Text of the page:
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Update: An Arbor Day Tribute to the Sacred Trees of Our Lives

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Update: April 21 In celebration of Earth Day, Monday April 22, the Stanislaus National Forest is giving away tree saplings. They are available for pick-up at the Summit Ranger District or the Supervisor’s Office from 8:30 a.m. – 3:30 p.m. The trees are Sugar Pine, Ponderosa Pine, and Cedar tree saplings ready to be planted. The Summit Ranger district is located at #1 Pinecrest Lake Road, Pinecrest CA, 95364 and the Stanislaus National Forest Supervisor’s Office is at 19777 Greenley Road in Sonora.

Original story: Certain trees have held a special place in the hearts of humans all over the world and through the ages, for a variety of reasons.  Sometimes the reverence was inspired by the fact that many trees are life-giving, providing food and shelter.  But beyond their practical uses and beauty, some trees have been seen not only as powerful symbols of life and death, but also, as having spiritual or supernatural powers.

In many cultures and religions, there is some version of the symbolic “Tree of Life.”  With its roots reaching deep into the earth and its branches reaching skyward, it often symbolized the connections between the heavens, earth and the underworld.  In Jewish mythology there is a tree of life or “tree of souls” in the Garden of Eden, which blossoms and creates new souls.  In Christianity there is also a tree of life, but it is overshadowed by its neighbor in the Garden of Eden, the tree of knowledge of good and evil.

Trees have symbolized fertility to many cultures.  An example is the maypole dance, which evolved from ancient ribbon dances around a living tree as part of spring rites to ensure fertility.  While scholars believe this ritual originated with the pagan May Day festival known as “Beltane” in the UK and Ireland, and “Walpurgis” in Germanic European countries, there were similar ribbon dances in pre-Columbian Latin America.

Throughout history, people have looked to certain trees for healing, protection and even granting wishes, because they believe benevolent spirits live in them.  The notion of “wishing trees” can be seen worldwide to this day, as hopefuls hang rags, wreaths, ribbons and other offerings on tree branches.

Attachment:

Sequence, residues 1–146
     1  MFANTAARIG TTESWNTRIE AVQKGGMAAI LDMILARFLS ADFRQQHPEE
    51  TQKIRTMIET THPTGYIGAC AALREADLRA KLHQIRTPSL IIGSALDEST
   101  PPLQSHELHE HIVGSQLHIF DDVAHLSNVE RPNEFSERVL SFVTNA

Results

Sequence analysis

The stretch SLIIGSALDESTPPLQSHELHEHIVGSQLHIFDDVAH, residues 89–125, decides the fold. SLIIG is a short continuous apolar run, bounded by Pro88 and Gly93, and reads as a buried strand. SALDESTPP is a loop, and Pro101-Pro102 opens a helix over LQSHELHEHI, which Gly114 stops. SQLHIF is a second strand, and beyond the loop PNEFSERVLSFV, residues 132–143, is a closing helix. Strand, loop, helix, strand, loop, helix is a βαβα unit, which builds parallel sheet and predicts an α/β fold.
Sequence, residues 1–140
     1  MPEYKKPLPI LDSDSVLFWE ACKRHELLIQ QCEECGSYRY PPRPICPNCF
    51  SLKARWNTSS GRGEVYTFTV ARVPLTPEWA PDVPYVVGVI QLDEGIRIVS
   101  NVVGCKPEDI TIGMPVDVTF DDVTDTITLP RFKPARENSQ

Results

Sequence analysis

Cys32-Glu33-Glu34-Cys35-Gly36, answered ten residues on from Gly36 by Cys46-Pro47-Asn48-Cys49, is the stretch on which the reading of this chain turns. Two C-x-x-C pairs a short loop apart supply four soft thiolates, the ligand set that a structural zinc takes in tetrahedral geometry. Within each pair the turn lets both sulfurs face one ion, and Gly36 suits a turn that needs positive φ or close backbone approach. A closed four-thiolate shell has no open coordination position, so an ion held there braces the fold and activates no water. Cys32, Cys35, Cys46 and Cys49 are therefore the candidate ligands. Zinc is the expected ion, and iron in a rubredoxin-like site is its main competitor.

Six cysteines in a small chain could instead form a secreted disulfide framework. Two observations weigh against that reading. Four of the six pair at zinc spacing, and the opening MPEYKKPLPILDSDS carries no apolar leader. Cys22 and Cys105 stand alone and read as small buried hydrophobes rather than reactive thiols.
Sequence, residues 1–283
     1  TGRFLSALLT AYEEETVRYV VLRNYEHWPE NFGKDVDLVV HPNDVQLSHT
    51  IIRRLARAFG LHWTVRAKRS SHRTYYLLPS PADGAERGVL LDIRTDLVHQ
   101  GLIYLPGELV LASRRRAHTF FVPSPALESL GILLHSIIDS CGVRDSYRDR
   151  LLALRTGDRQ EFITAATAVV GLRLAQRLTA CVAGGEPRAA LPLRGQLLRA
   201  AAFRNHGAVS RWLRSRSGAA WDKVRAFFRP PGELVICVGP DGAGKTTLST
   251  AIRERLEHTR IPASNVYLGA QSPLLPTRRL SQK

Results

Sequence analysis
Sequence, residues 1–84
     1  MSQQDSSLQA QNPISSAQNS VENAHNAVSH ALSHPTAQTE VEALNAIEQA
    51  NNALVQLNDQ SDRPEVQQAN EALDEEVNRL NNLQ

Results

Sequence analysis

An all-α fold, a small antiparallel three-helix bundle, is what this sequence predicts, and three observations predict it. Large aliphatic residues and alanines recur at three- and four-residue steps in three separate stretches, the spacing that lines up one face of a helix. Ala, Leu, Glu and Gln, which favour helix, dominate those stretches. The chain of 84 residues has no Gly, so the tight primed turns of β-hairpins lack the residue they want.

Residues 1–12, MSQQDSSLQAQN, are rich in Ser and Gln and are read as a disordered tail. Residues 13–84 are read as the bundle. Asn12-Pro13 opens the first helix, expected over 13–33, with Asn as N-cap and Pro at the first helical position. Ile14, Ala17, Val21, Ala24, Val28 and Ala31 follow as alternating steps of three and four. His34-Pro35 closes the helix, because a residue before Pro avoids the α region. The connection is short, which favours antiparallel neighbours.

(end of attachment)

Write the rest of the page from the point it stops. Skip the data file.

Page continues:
Examples of specific sacred trees and species of trees abound.  There is an ancient fig tree, called the “Bohdi” tree, which lives in front of a temple in India.  The Buddhists there revere it because it is said that Buddha attained enlightenment while meditating under it.  In the Egyptian Book of the Dead, the departed find eternal peace in a landscape inhabited by sycamore trees.  The Celts practiced rituals in what they considered sacred oak groves.  Central California Native Americans from the coastal Ohlone to the foothills Miwok also cherished oaks, understandably, because they provided the acorns that made up a large portion of their diet.  In Malcolm Margolin’s The Ohlone Way, he describes the joyous dancing and celebrations at night in the acorn groves at harvest time: “The people chanted and danced—not merely for a distant god or goddess—but rather for the oak trees themselves…”

Today, especially in the “developed” world, few people believe in the powers ascribed to trees in ancient times.  And yet, in honor of Arbor Day (April 26), it would make sense to stop and consider how trees are, or should be, sacred to us:  they give us food, shelter, homes for the birds and bees we love, a sense of awe, childhood memories, a gathering place for celebration and remembrance, and in a very real sense, the air we breathe.

 Rachel Oppedahl is a University of California Cooperative Extension  Master Gardener of Tuolumne County.

UCCE Master Gardeners of Tuolumne and Calaveras Counties can answer home gardening questions. Call 209-533-5912 or go to: to fill out our easy-to-use problem questionnaire. Check out our website at: You can also find us on Facebook.

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